|I talk like a river|
Author: Scott, Jordan
When a child has a "bad speech day" at school, his father gives him a new perspective on his stuttering.
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|Accelerated Reader Information:|
Interest Level: LG
Reading Level: 3.10
Points: .5 Quiz: 510614
Kirkus Reviews (+) (07/15/20)
School Library Journal (+) (09/01/20)
Booklist (+) (09/01/20)
The Bulletin of the Center for Children's Books (00/09/20)
The Hornbook (+) (00/11/20)
Full Text Reviews:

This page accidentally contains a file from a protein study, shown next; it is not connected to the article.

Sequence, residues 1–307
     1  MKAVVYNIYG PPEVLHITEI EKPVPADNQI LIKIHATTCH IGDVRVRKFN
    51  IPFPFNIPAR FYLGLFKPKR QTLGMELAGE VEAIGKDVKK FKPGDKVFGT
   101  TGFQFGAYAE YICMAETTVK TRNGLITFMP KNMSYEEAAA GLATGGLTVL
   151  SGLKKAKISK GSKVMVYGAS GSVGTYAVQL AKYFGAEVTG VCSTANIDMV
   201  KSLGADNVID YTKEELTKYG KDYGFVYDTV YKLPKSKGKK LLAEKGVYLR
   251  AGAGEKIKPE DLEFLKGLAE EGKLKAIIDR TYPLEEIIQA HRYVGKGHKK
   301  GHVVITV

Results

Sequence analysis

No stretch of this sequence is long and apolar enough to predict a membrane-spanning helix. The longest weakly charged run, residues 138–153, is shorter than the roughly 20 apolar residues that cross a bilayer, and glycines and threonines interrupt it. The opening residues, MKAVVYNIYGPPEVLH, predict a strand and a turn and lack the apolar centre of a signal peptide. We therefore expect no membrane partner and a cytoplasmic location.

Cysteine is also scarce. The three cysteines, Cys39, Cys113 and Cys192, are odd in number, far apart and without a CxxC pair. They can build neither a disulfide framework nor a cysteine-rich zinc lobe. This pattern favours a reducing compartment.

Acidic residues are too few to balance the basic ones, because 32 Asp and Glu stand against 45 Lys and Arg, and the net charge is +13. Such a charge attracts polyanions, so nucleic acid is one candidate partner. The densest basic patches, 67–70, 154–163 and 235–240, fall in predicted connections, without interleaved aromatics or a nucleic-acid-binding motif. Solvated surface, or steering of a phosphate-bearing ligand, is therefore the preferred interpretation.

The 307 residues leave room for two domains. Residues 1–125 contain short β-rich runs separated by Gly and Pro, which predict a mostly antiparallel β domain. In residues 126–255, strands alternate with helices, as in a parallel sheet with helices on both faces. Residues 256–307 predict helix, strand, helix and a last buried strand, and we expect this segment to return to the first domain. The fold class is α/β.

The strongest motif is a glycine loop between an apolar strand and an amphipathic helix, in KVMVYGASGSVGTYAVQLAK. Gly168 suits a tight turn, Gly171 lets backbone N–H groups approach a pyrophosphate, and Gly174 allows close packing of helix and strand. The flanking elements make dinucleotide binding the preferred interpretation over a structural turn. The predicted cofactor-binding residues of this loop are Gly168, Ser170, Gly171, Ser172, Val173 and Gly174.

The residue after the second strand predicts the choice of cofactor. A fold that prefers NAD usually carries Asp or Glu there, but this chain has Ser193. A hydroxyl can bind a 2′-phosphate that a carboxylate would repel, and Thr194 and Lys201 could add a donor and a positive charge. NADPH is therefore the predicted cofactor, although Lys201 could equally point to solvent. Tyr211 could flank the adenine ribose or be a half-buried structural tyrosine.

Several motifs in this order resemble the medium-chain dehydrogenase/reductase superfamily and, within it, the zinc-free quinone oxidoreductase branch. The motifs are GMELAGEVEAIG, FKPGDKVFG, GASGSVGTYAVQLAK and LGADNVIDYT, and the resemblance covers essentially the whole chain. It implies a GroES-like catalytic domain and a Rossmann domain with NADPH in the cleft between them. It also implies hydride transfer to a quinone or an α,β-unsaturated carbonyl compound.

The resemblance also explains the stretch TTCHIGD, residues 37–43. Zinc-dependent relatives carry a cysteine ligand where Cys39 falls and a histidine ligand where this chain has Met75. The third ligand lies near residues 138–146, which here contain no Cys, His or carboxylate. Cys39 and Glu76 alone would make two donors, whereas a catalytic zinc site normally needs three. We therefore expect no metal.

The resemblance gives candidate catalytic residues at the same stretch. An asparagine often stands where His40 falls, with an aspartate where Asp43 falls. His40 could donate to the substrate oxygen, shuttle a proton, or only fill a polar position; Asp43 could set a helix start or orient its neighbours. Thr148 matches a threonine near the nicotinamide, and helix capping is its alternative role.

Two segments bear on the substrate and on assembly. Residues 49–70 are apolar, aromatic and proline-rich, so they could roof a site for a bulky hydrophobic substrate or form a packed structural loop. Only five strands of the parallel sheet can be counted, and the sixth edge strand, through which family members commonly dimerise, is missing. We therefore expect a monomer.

School Library Journal - 09/01/2020 Gr 1–4—In first-person narration about the author as a boy, this debut brings readers into the world of dysfluency, that is, stuttering. The narrator, a white boy, sits alone at the kitchen table before school, imagining how badly his day will go, and it's even worse. The letters M, P, and C bring special terrors for the garbled sounds they demand of him in a school day, when the teacher asks students to describe a favorite place. His solitude is, for readers, almost unbearable until he returns to his understanding father. He knows about a "bad speech day," and takes his son to the river. There, without many words, he explains how his son talks like the river, with ebbs and flows, a rush of sounds, emotion, and meaning streaming. The boy's dawning realization brings the story to a resonant pause, in a foldout that opens to a vast four-page spread of the sparkling waters that surround him. And then the remembrance resumes, for when he returns to school, he talks about his special place in his own manner, his dysfluency making him and his telling unique. Smith's lyrical, color-saturated paintings capture mighty nature as well as the blurred, staring faces of schoolmates, who mock and laugh but mostly do not understand the main character's inner world. An author's note, in tiny type but very personal and expressive, outlines the journey Scott has taken to make peace with himself. VERDICT By turns heartbreaking and illuminating, this picture book brings one more outsider into the fold through economy of language and an abundance of love.—Kimberly Olson Fakih, School Library Journal - Copyright 2020 Publishers Weekly, Library Journal and/or School Library Journal used with permission.